She has travelled the world, living for a long time in Madagascar and west Africa. In the 1990s, after a Canadian UN peacekeeping contingent brutally tortured and murdered a man in Somalia, Gerke accused the Canadian government of not properly preparing the soldiers for their mission abroad. She was promptly hired as an adviser, and she and her husband devised a course for the Canadian army on dealing creatively with culture shock. She now offers a trimmed-down version of the programme in Bremen that anyone can attend. After all, globalisation is unstoppable, she says. Many people are unsure how to respond when they encounter a foreign culture, because they do not know what may happen. “We have an inborn need for predictability and security.”
The main part of the course consists of looking at encounters she has experienced, such as the consternation of villagers in Madagascar shown a photo Gerke had taken of them. Other situations are more depressing, such as sitting in her car having to watch an angry mob almost beat a man to death. Participants on the course read a report about these incidents that only describes what happened. No explanation is given.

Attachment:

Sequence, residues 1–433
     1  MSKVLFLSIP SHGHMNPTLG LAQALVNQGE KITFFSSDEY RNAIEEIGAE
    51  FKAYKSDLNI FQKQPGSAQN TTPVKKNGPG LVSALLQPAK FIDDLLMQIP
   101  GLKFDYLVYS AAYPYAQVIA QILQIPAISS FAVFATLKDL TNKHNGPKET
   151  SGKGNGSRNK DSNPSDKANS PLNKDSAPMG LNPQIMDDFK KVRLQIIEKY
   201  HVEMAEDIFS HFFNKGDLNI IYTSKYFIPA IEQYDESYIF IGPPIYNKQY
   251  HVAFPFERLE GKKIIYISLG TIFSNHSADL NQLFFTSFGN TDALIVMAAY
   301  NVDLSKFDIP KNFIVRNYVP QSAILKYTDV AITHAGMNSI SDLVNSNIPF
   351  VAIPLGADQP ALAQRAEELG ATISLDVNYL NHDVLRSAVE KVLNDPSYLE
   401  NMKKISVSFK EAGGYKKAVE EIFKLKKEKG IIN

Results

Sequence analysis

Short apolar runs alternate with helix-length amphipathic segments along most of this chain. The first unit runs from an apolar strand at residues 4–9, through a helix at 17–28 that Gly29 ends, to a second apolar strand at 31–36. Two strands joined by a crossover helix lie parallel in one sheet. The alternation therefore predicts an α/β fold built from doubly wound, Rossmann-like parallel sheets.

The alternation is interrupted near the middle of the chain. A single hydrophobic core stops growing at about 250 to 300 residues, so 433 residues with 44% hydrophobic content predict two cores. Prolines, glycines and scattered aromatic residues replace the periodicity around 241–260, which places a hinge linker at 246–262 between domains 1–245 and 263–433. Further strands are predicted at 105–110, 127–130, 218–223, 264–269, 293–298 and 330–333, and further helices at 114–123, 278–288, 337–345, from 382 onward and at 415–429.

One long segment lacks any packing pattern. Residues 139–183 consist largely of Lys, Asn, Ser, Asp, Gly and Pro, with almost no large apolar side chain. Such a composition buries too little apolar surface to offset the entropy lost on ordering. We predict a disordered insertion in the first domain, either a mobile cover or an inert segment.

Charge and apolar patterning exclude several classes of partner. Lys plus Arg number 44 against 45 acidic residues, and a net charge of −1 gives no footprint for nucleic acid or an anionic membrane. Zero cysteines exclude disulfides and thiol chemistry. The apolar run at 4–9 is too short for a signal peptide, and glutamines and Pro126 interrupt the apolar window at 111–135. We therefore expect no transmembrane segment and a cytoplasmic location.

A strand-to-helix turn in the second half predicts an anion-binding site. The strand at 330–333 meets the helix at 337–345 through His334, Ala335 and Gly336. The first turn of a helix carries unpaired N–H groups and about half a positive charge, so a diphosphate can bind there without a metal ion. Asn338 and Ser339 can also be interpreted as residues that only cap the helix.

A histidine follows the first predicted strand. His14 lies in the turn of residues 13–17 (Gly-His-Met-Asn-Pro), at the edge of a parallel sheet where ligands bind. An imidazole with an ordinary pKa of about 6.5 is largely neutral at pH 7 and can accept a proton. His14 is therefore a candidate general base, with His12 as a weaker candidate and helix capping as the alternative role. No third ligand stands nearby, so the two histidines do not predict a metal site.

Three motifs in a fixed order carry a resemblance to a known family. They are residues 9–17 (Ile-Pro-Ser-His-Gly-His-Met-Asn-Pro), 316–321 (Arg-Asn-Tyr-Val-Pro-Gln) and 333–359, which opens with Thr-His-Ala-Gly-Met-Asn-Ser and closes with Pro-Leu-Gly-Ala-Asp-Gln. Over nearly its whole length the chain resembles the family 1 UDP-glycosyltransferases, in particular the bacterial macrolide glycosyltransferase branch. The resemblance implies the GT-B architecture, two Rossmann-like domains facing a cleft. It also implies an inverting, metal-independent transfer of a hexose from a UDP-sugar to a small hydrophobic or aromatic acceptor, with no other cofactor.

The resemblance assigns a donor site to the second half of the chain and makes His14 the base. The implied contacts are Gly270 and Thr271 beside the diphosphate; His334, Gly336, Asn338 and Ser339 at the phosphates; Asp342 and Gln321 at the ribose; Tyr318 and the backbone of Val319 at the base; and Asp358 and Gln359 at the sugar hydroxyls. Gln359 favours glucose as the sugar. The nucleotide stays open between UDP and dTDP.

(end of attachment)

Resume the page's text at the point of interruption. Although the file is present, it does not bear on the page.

“The participants are meant to experience a culture shock; a situation in which the routines they have learned are of no use,” says Gerke. Their uncertainty is practically tangible: “Many participants go very quiet or leave the room for a while.” Discussions in small groups and role play then show them they are not helpless but can change the situation.
Gerke would like Germans to feel encounters with foreign cultures are rewarding – whether you need to take a course or simply want to talk to your Syrian neighbours. Listening to her experiences, you learn at least one thing: to appreciate how people who come to Germany manage to find their way in a culture that is alien to them.